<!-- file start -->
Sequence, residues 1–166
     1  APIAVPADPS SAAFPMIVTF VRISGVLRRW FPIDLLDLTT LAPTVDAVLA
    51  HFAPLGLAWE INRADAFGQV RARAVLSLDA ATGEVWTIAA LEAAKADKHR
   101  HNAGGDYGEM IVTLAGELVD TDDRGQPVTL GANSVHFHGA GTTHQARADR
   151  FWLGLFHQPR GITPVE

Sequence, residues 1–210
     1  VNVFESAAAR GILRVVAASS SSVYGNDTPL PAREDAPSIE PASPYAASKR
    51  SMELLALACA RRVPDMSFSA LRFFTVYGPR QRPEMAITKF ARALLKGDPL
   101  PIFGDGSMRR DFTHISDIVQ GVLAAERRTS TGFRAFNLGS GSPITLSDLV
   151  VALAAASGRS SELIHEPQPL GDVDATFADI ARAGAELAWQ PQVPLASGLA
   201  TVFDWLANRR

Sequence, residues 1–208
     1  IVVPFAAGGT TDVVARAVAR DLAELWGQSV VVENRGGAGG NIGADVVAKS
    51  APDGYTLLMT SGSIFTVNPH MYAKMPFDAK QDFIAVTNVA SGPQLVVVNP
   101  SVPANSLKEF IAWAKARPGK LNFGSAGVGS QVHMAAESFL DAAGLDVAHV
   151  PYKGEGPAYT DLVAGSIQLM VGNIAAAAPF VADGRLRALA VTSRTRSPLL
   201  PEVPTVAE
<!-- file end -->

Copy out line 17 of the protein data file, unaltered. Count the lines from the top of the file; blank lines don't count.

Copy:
   201  PEVPTVAE